Niek KleinJan

June 24, 2016



Hailing from the Netherlands, percussionist and founder of The Percussion Canon talks to us about his influences, goals for the future, and advice for players looking to follow in his footsteps.


What kind of music has influenced you the most?


That is hard to say. I like a lot of different music, metal, baroque, rock, drum ’n bass, opera, contemporary music, pop, the Beatles, Metallica, Scarlatti, Skrillex, Bach, film music, Stravinsky, and more. It is hard for me to say what kind of music has influenced me the most, I think it is a mix of all those different music styles. I can listen to a lot of different styles and periods of music in one day. Sometimes I like to listen to Mahler symphonies, and at other times I can’t stop listening to Snarky Puppy.


Which percussionists do you admire? Why?


Wow, there are a lot of inspiring percussionists out there. From world famous percussionists till less known percussionists. I admire percussionists and musicians because of their craftsmanship, musicality, technique and performance but also personality, character, ability and willingness to  help and inspire younger musicians, their way of thinking about making music, and so on.


What is a typical day/week like for you?


Practicing, practicing and practicing. Ow! Also rehearsing, playing concerts, planning my agenda, and sending emails. I don’t have a ‘typical week or day’, every day and every week is different. Sometimes I have to practice a lot, the other weeks I play in an orchestra or ensemble, and another week I’m on tour in Europe or somewhere else and have to travel a lot.  


What is your best tip for practicing efficiently?


Repeat. Repeat. Repeat. And always practice slow. If you can’t play your piece slow, then you will never be able to play it fast/in tempo properly.


Do you have any pre-performance warmups?


Take 2 snare drum sticks and a drumpad to your dressing room, do exercises like squeezing and stretching your fingers in your fist. Watch your breathing: try to focus on a low heartbeat. Keep calm.


How do you hope to advance the art of percussion in today’s music and culture?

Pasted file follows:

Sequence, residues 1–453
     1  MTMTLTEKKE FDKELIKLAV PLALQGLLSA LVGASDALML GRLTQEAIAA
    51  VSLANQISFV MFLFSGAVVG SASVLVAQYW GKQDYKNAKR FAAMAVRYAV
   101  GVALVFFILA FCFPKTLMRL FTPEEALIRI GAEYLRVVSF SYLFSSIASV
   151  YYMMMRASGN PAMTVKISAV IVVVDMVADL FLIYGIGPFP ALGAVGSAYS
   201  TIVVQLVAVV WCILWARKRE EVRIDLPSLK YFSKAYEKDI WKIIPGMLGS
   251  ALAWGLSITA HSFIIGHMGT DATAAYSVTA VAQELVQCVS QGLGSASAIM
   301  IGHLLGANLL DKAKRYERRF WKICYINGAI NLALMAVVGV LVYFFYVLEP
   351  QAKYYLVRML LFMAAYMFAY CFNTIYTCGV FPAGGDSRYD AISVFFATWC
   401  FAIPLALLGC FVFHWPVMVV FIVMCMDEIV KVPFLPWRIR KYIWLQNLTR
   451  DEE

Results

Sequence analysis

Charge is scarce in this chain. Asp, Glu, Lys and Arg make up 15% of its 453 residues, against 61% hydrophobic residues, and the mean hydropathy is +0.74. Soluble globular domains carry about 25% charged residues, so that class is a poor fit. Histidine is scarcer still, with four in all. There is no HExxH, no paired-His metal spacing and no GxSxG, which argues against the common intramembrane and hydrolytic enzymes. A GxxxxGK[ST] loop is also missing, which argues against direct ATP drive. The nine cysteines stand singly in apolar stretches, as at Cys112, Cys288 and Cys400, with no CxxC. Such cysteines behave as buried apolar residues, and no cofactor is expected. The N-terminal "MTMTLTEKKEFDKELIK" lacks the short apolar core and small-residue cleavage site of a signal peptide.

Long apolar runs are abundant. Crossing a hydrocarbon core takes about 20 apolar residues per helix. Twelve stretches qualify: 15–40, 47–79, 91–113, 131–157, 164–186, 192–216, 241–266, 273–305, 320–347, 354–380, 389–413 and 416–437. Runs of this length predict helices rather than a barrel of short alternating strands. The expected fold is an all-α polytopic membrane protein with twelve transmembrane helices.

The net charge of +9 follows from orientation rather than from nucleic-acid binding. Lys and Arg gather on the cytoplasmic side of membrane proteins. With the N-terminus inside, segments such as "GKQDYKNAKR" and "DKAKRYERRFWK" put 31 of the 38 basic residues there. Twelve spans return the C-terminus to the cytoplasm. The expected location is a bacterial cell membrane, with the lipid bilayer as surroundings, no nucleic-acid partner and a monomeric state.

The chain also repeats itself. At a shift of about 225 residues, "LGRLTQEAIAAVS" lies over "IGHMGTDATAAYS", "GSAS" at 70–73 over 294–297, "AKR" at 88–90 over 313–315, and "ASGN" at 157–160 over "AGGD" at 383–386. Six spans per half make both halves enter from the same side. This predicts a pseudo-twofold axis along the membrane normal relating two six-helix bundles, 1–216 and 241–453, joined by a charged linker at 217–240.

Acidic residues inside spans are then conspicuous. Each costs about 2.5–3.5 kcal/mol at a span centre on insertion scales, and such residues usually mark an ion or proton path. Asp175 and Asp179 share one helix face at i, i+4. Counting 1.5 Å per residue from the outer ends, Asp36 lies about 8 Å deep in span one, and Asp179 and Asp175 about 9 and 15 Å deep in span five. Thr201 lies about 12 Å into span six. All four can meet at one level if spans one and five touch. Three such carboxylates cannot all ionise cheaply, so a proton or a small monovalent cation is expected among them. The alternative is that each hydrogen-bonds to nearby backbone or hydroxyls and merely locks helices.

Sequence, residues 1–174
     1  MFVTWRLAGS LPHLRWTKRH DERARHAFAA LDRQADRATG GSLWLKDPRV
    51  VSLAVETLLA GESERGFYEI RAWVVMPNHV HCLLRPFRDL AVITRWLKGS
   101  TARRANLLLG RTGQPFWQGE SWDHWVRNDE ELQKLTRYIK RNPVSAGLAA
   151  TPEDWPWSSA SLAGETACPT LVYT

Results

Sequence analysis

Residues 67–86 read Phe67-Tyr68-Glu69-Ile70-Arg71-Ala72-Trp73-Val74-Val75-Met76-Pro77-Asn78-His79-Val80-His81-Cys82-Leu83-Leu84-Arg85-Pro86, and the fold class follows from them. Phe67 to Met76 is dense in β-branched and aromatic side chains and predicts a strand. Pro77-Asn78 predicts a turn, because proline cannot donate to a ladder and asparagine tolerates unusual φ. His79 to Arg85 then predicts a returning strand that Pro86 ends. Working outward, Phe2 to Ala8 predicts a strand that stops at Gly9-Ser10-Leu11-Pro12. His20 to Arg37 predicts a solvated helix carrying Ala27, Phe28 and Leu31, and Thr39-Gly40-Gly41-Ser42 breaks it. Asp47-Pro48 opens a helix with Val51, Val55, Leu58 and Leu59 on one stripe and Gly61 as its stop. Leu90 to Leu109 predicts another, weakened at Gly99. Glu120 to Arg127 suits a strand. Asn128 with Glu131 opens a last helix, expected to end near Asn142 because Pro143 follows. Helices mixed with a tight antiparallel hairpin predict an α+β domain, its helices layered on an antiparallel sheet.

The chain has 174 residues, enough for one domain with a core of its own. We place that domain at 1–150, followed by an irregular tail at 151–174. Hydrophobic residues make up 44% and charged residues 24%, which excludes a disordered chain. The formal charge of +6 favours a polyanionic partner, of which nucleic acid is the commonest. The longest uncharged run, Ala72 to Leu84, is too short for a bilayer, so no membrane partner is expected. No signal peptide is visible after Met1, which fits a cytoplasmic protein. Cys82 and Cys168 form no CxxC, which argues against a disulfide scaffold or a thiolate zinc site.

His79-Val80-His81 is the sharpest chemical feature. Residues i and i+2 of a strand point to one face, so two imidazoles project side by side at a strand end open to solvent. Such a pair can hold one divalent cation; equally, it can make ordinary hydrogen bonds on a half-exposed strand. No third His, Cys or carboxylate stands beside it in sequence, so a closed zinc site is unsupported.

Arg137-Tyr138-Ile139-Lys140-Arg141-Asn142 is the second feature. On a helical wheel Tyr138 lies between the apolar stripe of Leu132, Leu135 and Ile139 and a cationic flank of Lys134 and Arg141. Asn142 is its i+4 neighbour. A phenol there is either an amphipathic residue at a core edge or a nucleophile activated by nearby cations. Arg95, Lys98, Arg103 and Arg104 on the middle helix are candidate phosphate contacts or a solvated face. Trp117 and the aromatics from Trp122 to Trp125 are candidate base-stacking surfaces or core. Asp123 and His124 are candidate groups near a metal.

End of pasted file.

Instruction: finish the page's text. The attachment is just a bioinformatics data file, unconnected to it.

I share my knowledge, experience, expertise, and perceptions as much as possible with colleagues, students and my audience. I combine different kind of styles of music with percussive/percussion music and create cross-overs with (more or less) accessible music, and try to learn from other musicians and critics so I can adapt that in my playing, listening, planning, teaching and other musical experiences.


Can you tell us a bit about your project The Percussion Canon? What it its mission, and what inspired you to start the project?


I developed the project because I want to reach a broader audience for (solo) percussion. For instance: a lot of people don’t know the difference between a vibraphone or marimba. Programmers don’t program for percussion because they know there won’t be a lot of people that will be attending percussion concerts. I find that strange and I see that as a missed opportunity. Next to that, I would like to inform (future) percussion students and other ‘percussion-geeks’ about the repertoire, possibilities, instruments, techniques and so on that is possible with percussion. Percussion repertoire is, compared to violin or piano for instance, really young. Nevertheless, there are a lot of percussion pieces out there. It would be great to have an overview for people who are interested in (new) music and the people who would like to know more about the possibilities with percussion.


You have done an extensive amount of traveling and touring. What helped you get started with your International performing career, and what advice would you give to someone else who is looking to do this?


I am really happy that I’ve already had a lot of opportunities to play concerts all over the world. I don’t have an exact reason how a musician’s career in general forms itself. The most important thing: do what you like and always play for 150%. Making music requires your best, you can’t perform at 80%. You have to believe in what you do, in all the music you make. Try to see opportunities and chances in collaborations, try to create things that really endorse you in the way you are. This will help you start and maintain a great career.

Do you have a favorite city or location that you’ve performed in? Why is that your favorite?

Well, I have to say that the Concertgebouw in Amsterdam has a really special atmosphere and a really nice acoustic to play in. Same for De Doelen in Rotterdam or even de Ziggodome in Amsterdam. This summer I will be performing for the second time in the Shanghai Concert Hall: that will be an amazing experience. I love the great atmosphere, really clear acoustics, and enthusiasm of the full audience.


On the commissions page on your website, it appears you haven’t worked with the same composer twice. Is there any reason for that?


Well, I have worked with a few composers more than once, especially during my studies. I like to work with as many different people as possible. Different input and collaborations give me energy and inspiration. Every person is different musically and characteristically and I find that really interesting.


You already have an extremely full performing and teaching schedule. What do you see as the next step or goal in your career?


I hope to start performing percussion concertos with orchestras all over the world within the next five years.

Learn more about Niek at his website and The Percussion Canon at






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Founded in 2014, the mission of the New Works for Percussion Project is to advance percussion repertoire and build community through commissions and original content.

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